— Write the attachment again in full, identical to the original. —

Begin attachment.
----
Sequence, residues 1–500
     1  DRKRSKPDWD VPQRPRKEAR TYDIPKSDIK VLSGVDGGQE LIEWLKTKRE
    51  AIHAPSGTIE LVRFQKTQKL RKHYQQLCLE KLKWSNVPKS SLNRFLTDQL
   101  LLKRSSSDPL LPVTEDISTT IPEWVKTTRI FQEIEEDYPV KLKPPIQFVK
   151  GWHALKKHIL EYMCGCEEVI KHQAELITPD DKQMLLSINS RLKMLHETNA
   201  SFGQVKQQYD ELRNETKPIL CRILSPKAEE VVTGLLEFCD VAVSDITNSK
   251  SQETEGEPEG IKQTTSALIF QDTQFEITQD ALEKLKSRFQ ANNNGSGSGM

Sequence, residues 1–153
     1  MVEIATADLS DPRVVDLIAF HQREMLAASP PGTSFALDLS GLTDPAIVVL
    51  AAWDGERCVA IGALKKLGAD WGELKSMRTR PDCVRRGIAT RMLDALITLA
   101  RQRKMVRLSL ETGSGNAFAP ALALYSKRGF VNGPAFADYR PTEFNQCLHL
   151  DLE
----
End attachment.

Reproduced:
Sequence, residues 1–500
     1  DRKRSKPDWD VPQRPRKEAR TYDIPKSDIK VLSGVDGGQE LIEWLKTKRE
    51  AIHAPSGTIE LVRFQKTQKL RKHYQQLCLE KLKWSNVPKS SLNRFLTDQL
   101  LLKRSSSDPL LPVTEDISTT IPEWVKTTRI FQEIEEDYPV KLKPPIQFVK
   151  GWHALKKHIL EYMCGCEEVI KHQAELITPD DKQMLLSINS RLKMLHETNA
   201  SFGQVKQQYD ELRNETKPIL CRILSPKAEE VVTGLLEFCD VAVSDITNSK
   251  SQETEGEPEG IKQTTSALIF QDTQFEITQD ALEKLKSRFQ ANNNGSGSGM

Sequence, residues 1–153
     1  MVEIATADLS DPRVVDLIAF HQREMLAASP PGTSFALDLS GLTDPAIVVL
    51  AAWDGERCVA IGALKKLGAD WGELKSMRTR PDCVRRGIAT RMLDALITLA
   101  RQRKMVRLSL ETGSGNAFAP ALALYSKRGF VNGPAFADYR PTEFNQCLHL
   151  DLE